But the reality of life is that we may, in that absolute worst case scenario, find ourselves in a situation where avoidance, evasion, escape and defense all fail. We may find ourselves in a situation where the predator wins the fight. Pretending otherwise is clinging to a dangerous, even potentially fatal delusion. Facing reality means asking ourselves exactly what we’re willing to do to survive, and it means making those decisions ahead of time under rational reflection rather than in the heat of trauma.

So, what exactly would you do, if it meant survival?  This is a difficult question to answer, and each of us must make our own decisions. As for myself, if I must choose between being hurt and being killed, I choose not to die. If I had to choose between being raped and being killed, heaven help me, I would choose the first. I’d rather neither, of course I would, but I’m willing to do what it takes to survive, whether “what it takes” is avoidance, escape, aggressive defensive action, or even compliance. Not surrender, never surrender (and I’d never stop looking for an opportunity to escape), but compliance beats death, hands down.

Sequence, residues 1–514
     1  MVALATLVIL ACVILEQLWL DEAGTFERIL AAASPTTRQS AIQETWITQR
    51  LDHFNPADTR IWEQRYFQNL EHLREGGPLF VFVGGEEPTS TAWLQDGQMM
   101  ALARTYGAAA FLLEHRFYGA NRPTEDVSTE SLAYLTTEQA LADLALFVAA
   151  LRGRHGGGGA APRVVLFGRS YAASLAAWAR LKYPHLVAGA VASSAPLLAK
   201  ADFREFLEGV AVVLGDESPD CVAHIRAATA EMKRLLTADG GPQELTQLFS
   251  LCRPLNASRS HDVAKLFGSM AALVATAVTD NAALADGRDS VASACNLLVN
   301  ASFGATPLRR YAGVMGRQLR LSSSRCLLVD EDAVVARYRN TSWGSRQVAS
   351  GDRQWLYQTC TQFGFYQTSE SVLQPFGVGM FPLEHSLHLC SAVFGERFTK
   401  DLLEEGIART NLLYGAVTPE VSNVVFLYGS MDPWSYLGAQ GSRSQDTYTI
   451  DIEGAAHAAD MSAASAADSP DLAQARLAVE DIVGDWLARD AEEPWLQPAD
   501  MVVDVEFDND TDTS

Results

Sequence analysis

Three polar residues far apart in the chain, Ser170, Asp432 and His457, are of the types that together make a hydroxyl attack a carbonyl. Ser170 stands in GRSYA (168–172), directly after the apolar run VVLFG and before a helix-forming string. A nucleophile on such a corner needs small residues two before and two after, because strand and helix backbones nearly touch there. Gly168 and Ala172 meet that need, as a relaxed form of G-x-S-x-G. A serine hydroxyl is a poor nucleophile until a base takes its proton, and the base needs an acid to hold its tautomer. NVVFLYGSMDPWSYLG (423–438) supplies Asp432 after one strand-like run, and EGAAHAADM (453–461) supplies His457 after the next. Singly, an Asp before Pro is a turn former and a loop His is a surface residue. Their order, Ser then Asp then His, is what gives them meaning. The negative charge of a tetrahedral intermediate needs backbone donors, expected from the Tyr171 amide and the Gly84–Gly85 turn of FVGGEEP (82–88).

I’ve survived rape before, and I could survive it again. Death, not so much.

Commitment to survival also means making decisions about what not to do. For example, I will probably not attempt a complicated knife disarming move such as that taught by some self-defense systems. Although my quest to lose some weight and become healthier and more fit continues, the reality is that there are some things that my nearsighted 40-year-old body, with an ankle weakened by an old injury, simply cannot do. The young, fit, ex-military self-defense instructor, whose size and strength easily outstrip mine, might be able to execute those maneuvers perfectly in the controlled boundaries of a classroom. He mgiht even be able to do so in a real fight, though that’s not necessarily certain. But I’m not him, and survival means working within the parameters of my physical capabilities and not his.